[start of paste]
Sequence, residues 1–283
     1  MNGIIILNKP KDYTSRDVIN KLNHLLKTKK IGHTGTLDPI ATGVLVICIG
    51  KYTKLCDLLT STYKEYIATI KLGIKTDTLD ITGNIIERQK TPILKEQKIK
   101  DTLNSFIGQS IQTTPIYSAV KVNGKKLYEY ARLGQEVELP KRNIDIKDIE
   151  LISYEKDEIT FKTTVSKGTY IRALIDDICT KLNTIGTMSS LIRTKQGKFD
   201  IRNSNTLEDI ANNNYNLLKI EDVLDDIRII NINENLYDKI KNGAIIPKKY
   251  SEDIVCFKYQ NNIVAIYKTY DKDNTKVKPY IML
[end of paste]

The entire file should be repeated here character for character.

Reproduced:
Sequence, residues 1–283
     1  MNGIIILNKP KDYTSRDVIN KLNHLLKTKK IGHTGTLDPI ATGVLVICIG
    51  KYTKLCDLLT STYKEYIATI KLGIKTDTLD ITGNIIERQK TPILKEQKIK
   101  DTLNSFIGQS IQTTPIYSAV KVNGKKLYEY ARLGQEVELP KRNIDIKDIE
   151  LISYEKDEIT FKTTVSKGTY IRALIDDICT KLNTIGTMSS LIRTKQGKFD
   201  IRNSNTLEDI ANNNYNLLKI EDVLDDIRII NINENLYDKI KNGAIIPKKY
   251  SEDIVCFKYQ NNIVAIYKTY DKDNTKVKPY IML